“She is hearing and seeing,” says Arthur. “Profound to a young person. Would it not be profound to anyone who
experiences such? In many ways Jehanne has discernment,
some would say far beyond her years. The voices no doubt
“But if the voices bring knowledge, who is to question
the voices? The questioning has to extend beyond them,
to God itself? She would have to question God? Not obey
as she has been taught all her life. Jehanne was a juvenile,
youthful in all aspects we consider the advantage of youth.
Sagaciousness is not one of those aspects. One can not
expect a young person to question all the values they have
been taught through childhood. How many adults do that?
“Isn’t there something about Paris University declaring
these are three demons masquerading?”
“True, Conny. Captured by the British in 1420, Paris
and Paris University are under Plantagenet rule. Wise
adults know if they are to have bread, and butter also,
to follow the order. John of Lancaster, senior regent of
the realm for the infant son of a dead Henry the fifth, has
been appointed to oversee Paris with the specific mandate
to place all of France under British yoke. Has a ‘body’ of
supposed learned men ever spoken against those who rule?
Politics, universities understand.”
Constance laughs: “And as you say, those who fund the
“In this instance one has to ask could they have come up
with a more incredulous tale: Behemoth, found in Job, in
Enoch, is that which is appearing to Jehanne. This is their
learned opinion on the subject. Ferocious, cruel, Behemoth,
brutal, not anything that Jehanne has ever described in her
visions. Some say the learned men submitted Behemoth as
a foil. That I am not gracious enough to accept. Jehanne’s
voices being Behemoth is singular accomplishment for the
British at Jehanne’s trial. They needed Paris University.
They needed these professors.”
Constance: “So Jehanne follows the guidance of Michael,
Catherine of Alexandria, Margaret of Antioch, with one
should say a simple heart. Brought into Roman teaching,
as her parents, taught by Père Fronte, she is a simple child.”
“Aren’t we all.”
“Are the three spiritual beings, Michael, Catherine and Margaret, playing inside The
“I believe they are inside.”
“Playing on the right side?”
“Yes! The ‘Holy’ side!”
“And the families,” says Constance.
“And the dragon creatures, if you wish to extend the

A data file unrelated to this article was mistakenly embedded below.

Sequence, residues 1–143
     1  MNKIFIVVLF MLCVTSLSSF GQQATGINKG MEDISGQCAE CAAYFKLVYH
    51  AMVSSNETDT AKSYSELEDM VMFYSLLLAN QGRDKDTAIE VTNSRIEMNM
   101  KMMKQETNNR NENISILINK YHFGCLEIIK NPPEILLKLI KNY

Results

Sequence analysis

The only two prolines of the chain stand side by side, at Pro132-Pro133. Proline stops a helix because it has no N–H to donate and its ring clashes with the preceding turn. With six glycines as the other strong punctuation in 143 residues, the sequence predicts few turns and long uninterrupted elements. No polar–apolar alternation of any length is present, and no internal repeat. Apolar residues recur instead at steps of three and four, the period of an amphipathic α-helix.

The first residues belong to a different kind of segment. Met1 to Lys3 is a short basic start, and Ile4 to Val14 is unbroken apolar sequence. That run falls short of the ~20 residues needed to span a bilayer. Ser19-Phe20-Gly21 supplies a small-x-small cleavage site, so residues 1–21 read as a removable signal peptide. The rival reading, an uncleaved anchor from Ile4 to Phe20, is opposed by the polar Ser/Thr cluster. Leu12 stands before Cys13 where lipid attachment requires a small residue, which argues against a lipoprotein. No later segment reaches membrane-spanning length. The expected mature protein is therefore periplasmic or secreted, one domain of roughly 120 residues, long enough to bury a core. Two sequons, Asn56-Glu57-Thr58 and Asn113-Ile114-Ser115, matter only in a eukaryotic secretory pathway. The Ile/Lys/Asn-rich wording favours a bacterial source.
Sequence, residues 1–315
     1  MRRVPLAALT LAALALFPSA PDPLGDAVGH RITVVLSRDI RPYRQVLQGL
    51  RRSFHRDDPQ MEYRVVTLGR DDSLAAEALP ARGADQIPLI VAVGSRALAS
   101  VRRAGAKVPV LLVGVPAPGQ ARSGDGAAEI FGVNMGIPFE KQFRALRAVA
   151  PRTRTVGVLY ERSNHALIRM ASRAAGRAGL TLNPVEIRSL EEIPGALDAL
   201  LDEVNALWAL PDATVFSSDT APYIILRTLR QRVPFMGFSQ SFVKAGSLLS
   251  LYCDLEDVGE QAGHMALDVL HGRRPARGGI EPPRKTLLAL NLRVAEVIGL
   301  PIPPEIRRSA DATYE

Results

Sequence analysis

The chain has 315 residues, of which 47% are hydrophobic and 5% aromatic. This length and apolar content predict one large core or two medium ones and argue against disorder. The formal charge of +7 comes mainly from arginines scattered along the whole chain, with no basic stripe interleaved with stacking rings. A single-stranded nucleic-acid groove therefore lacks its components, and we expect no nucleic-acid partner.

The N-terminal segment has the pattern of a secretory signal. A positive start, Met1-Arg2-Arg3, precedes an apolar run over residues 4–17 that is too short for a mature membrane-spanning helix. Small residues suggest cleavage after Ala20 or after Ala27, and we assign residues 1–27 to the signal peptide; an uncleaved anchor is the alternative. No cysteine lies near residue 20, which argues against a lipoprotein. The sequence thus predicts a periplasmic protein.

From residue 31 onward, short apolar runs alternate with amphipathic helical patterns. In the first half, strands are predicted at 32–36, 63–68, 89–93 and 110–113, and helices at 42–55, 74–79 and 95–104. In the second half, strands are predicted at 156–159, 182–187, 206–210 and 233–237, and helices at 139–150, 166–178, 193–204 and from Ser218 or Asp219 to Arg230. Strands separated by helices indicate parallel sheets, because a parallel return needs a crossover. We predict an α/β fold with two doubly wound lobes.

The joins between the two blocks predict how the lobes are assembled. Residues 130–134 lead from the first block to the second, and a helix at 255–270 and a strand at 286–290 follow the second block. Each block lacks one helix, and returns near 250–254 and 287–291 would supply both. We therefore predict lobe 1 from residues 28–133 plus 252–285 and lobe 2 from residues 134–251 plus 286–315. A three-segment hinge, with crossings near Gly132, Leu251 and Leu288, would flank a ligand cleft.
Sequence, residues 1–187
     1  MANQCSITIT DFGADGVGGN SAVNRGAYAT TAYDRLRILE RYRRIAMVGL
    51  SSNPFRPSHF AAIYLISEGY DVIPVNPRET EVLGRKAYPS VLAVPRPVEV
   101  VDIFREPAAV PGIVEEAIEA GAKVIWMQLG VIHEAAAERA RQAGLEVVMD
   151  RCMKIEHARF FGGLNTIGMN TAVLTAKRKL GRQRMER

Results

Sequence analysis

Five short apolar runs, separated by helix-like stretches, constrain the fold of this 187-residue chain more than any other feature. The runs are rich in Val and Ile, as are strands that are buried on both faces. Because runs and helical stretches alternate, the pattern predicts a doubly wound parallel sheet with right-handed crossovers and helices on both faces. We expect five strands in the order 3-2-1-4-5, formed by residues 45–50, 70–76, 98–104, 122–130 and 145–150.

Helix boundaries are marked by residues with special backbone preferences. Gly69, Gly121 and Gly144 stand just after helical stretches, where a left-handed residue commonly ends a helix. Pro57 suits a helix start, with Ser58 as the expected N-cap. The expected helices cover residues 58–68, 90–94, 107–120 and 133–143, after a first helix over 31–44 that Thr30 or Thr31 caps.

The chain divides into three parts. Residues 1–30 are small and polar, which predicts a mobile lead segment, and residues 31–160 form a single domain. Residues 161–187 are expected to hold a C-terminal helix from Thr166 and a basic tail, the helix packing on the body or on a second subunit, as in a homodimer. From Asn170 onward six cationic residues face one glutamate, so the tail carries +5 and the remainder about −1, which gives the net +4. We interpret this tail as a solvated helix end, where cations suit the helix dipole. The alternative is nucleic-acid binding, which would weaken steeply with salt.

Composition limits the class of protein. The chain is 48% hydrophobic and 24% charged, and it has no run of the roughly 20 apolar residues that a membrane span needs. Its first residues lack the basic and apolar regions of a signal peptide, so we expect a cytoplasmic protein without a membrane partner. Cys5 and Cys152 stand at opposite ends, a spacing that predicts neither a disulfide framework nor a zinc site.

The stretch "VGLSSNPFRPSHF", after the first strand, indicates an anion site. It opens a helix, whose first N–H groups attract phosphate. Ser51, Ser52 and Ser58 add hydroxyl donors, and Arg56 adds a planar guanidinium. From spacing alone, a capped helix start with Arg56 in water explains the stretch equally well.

families,” responds Arthur. “All inside The Game
. It is
written in manuscripts of that time that she is warned by
her voices that she will be captured. This would be ‘Game’
rules, that she be warned. Some time after a Saints day, I
cannot remember the day, is the period the voices give her
for her capture.
“In this she is given a choice. She need not continue
her fight. Very likely she could return to her village. She
wishes, she states, to return to the peace of Domremy.
These warnings came after Paris, after the Dauphin releases
most of his army back to their farms.”
“She would not be the figure we look to today had she
returned to Domremy,” says Constance. “Burgundians are
still fighting. The British hold Paris.”
“Ah well, Paris. Georges du Trémoille,” answers Arthur. “Why does she continue? She does not realise, I believe, that the now crowned king Charles VII is fully under the
influence of Trémoille. She should if she has any perception
of courts and politics. But she hasn’t. She is a village girl.
A girl who is visited and encouraged by great beings, until
suddenly she is told by them that she will be captured.
“Her mission as the voices have always told her, is to
have the Dauphin crowned, to take land from the British.
All this accomplished! Paris is not taken, why? Charles
withdraws his troops under the command of Jehanne from
the outskirts of Paris. He dismisses all his army convinced
by Trémoille the French forces cannot take Paris. That a
political settlement will succeed with the Burgundians and
the British. Trémoille they say has a velvet tongue.”
“I do not believe she accepts that she will be captured,”
says Constance. “Through her trial she states that the
voices remain with her. They do not leave her.”
“I do not think she believes she will be burnt when
captured,” responds Arthur. “The custom at the time is for
noblemen, those who lead armies, if caught, to have ransom
paid. That is the problem for me. One has to believe that
these voices, these ethereal beings, Michael the Archangel,
Catherine of Alexandria, Margaret of Antioch, would know
all that the British are planning. That the British would
never allow her to be ransomed.
“That they consider her a far too powerful a person, with
the French people, and the French army, to be allowed to
live. A trial and her burning is the only outcome for the
British. The voices would have known this but they allow
her to be caught, they allow her to be imprisoned, they
allow her to be burnt. So we have to ask, where does the
play of The Game
come into this. The play of The Game
leaves it to the individual. That is The Game
, to see how
‘we’ as one or many will respond, will take action.”
“I would not want to know my end,” says Constance. “Especially if I were fated to be burnt.”
“But was Jehanne fated to be burnt?” asks Arthur. “Did she make this decision she would allow herself to be
burnt when she decided to keep fighting? I do not believe
she believes the voices will allow her to be burnt.”
“Ah! She recants. She is shown the faggots and she
recants. She is taken back from the place set for her to be